In my personal experience in the first few months my father’s own is to be formally introduced to the young man that has been frequenting his house in search of his daughter. Of course he knows we are in a relationship but still chooses to refer to homeboy as “your friend” Heaven forbids that he admits his little girl is having boyfriends at 22.

Now my mother…wants to know “where’s he from”. When I reply, “Oyo state”. The next question is “what part of Oyo state?”. After replying her with “Ogbomoso”…she proceeds to tell me all the stereotypes she knows about Ogbomoso people and their traits citing examples to buttress her point of course. But it goes beyond that. Most mothers, mine inclusive, are more involved in their children’s’ relationships. They want to know the family background. They want to hear the “gist of a first date”. They pray for you and give you advice, solicited or unsolicited, and if the relationship crashes and burns, they are there to clean up the pieces and rock you back to decorum.

On the flipside, I’ve often heard of situations where parents bring about untimely deaths to relationships. We’ve heard of the “hot water pouring” types and the extremely tribalistic ones (although if you ask me, the average Nigerian parent is tribalistic to a large extent). We’re probably also familiar with the “possesive/jealous/controlling mothers” and the “iya oko bournvita (I don’t know how to translate this one to English) types”. They are all out there.

Siblings? Truth is the earlier your siblings like your partner, the better for him or her. They hold a degree of influence in relationships. They say things as they see it, sometimes more bluntly than preferred. You’d often hear comments like “He looks unserious” or “she’s just there” if they don’t like your partner. But when they do? The glowing comments can’t roll in fast enough. (My brodas and sistehs don’t be caught dulling. You want his or her siblings to like you? Bribe them! Nothing over the top, just thoughtful gestures once in a while. Trust me, it works…TML)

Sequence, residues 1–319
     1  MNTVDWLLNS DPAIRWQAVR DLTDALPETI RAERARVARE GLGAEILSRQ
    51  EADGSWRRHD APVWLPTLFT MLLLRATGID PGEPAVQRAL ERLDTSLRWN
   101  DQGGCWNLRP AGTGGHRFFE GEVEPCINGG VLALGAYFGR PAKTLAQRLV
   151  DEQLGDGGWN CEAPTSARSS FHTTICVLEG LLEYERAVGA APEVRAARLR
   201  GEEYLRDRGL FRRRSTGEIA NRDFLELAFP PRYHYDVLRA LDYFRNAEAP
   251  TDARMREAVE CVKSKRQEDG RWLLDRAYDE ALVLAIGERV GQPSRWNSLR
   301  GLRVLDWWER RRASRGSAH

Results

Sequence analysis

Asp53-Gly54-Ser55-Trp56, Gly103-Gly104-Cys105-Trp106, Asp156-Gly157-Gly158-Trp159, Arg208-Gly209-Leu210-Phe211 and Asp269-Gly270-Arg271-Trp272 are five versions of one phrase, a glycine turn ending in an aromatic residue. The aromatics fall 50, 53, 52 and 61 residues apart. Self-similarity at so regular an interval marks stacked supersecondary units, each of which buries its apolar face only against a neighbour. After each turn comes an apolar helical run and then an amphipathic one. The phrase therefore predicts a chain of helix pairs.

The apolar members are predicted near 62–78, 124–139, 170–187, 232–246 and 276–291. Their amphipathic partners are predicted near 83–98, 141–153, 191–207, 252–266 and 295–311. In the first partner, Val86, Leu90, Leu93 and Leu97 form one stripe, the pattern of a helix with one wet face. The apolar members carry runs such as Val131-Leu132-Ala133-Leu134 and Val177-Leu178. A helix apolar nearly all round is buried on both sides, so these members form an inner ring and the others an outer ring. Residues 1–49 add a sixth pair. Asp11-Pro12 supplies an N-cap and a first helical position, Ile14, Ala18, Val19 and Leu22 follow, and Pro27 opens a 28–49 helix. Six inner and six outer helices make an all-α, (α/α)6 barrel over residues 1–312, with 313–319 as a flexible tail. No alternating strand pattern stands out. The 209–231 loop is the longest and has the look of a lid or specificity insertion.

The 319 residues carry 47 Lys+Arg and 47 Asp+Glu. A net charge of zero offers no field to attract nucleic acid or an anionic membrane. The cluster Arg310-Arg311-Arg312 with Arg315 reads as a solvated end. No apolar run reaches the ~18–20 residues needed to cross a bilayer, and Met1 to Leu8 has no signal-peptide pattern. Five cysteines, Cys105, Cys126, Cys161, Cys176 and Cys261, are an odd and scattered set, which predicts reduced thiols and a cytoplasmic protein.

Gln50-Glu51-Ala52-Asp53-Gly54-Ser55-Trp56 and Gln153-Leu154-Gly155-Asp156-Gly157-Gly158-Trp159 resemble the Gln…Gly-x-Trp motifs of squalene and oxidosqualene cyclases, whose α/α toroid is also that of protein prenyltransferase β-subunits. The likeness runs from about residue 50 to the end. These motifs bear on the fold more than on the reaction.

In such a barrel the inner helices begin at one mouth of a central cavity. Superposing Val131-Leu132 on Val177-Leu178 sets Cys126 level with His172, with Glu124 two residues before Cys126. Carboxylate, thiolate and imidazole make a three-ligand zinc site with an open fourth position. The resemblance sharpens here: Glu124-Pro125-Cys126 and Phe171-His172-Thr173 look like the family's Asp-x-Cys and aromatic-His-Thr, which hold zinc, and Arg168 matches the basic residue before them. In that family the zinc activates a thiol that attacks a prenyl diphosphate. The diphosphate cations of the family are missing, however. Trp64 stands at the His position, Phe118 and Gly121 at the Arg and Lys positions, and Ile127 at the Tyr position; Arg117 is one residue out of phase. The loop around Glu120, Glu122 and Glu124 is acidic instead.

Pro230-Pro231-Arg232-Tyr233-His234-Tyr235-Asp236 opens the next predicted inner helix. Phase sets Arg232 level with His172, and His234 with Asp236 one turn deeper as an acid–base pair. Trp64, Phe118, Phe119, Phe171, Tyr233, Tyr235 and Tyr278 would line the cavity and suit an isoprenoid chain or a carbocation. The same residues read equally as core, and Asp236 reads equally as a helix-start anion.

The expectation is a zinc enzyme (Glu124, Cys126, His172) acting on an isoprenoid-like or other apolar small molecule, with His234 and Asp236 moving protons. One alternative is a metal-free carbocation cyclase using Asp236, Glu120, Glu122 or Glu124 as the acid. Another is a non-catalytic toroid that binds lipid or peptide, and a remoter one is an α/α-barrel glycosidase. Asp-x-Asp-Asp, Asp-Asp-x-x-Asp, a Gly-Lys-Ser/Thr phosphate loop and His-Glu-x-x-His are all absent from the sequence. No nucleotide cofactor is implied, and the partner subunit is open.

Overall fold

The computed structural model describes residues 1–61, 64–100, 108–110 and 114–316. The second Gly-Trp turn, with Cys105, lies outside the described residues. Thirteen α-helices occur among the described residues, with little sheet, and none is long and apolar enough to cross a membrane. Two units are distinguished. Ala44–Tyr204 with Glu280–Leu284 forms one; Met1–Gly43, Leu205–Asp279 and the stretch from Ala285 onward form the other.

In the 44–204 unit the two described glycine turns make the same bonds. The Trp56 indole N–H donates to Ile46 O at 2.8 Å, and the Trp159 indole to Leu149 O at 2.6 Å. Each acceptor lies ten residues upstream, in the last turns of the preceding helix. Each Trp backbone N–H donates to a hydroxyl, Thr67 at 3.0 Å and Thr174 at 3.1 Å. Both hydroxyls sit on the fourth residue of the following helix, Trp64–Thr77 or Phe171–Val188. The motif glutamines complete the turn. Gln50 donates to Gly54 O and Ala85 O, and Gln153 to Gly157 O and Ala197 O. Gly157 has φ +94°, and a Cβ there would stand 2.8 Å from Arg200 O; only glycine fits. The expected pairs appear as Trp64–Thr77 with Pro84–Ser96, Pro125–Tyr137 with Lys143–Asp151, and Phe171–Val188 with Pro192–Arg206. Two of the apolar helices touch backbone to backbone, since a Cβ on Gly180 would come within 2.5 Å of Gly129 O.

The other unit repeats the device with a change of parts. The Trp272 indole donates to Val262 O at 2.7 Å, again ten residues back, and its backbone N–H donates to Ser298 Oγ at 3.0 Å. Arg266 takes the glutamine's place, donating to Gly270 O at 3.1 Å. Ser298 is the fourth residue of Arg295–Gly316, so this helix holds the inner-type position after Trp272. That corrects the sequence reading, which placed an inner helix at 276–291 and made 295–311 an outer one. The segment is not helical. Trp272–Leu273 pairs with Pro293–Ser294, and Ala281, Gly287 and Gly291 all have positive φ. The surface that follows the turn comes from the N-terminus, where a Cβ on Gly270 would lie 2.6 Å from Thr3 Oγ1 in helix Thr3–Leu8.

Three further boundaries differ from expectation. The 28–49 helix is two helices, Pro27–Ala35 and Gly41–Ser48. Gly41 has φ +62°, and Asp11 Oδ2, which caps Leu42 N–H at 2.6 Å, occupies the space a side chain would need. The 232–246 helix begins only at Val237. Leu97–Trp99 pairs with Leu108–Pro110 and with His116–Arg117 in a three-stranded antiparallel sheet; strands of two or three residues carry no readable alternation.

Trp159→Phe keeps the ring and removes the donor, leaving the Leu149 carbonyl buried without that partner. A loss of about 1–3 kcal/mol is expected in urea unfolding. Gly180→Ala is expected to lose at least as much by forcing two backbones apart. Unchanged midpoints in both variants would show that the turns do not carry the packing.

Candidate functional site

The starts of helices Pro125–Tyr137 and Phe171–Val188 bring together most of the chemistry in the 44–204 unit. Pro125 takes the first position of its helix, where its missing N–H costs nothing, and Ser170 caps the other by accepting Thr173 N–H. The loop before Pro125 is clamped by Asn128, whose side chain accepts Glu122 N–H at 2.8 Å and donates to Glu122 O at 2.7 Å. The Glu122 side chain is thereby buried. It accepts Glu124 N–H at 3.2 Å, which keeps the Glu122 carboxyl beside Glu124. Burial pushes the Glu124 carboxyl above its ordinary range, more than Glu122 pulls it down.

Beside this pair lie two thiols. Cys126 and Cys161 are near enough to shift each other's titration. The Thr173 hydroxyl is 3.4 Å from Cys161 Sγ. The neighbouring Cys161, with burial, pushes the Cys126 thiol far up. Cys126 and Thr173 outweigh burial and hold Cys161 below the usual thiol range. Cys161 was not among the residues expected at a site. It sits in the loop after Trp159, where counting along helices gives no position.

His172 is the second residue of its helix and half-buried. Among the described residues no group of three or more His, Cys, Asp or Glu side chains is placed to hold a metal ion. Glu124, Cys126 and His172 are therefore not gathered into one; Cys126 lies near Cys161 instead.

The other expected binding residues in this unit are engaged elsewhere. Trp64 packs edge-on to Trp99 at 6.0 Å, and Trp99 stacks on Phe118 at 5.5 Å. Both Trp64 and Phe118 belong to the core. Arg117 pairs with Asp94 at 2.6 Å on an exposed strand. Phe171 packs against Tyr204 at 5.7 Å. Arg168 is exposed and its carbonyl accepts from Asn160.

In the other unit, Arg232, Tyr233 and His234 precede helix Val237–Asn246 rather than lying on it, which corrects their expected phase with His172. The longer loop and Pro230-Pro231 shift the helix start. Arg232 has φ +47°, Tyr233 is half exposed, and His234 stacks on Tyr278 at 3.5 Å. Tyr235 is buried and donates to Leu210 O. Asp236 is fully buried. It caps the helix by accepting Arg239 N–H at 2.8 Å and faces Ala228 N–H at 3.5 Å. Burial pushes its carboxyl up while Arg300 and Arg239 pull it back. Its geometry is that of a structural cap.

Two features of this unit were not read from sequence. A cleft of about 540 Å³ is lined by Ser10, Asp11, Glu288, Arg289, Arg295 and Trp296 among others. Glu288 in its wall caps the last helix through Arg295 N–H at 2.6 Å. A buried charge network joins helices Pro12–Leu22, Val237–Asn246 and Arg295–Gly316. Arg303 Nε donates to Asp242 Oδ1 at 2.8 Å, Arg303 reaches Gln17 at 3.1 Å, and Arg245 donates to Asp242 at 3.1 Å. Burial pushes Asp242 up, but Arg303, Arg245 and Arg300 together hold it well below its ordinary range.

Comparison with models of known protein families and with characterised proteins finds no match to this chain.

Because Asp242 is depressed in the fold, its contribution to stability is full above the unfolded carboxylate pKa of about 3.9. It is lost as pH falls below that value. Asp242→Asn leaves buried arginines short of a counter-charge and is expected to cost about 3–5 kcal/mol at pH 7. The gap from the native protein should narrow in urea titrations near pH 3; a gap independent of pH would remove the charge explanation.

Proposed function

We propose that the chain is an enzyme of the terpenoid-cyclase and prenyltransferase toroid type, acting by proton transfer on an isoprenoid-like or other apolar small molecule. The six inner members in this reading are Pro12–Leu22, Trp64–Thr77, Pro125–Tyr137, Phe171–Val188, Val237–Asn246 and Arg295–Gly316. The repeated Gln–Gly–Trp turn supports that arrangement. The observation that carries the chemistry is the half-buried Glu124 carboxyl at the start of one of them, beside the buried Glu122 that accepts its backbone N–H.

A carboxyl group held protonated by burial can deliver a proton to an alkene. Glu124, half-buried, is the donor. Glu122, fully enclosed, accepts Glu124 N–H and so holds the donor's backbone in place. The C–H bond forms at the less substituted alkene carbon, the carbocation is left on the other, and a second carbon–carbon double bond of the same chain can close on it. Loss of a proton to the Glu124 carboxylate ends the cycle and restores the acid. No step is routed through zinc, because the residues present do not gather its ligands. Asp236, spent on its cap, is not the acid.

At the end of the day, family and friends however important they are, are not the actual participants in the relationship and should not hold the reigns in our relationships. Yes, we should be open to their inputs because most times they are done with our best interest at heart, but at the end of the day, it’s YOUR relationship and YOUR responsibility.

Do you have comments or experiences you wanna share or opinions of your own? Go right ahead.

xoxo…  @_Ayaba.

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17 responses to “Friends, Family & Relationships

  1. I was looking for an example situation where the writer went against the opinion of friends and family. The absence of this makes it seem like we should always go along with them. Is this true?

  2. Friends will always chip in..
    Tell them at your discretion.
    I know many relationships that threatened to cave under the influence of friends..and those still standing thankfully for wellmeaning friends

    It often irks me that some girls do not have a mind of their own and succumb to the views of their friends when they have issues with the boyfy… Destruction sometimes..

    I for one have friends I know have got my back..who’ll tell me shit as it is..so I’m glad.

    My girl wasn’t so lucky;she had her girlfriends ask her to chose between them and the boyfriend,out of sheer jealousy ofcourse. Yeah. She made the right choice. Safe to say,she’s getting married in 5 months 😀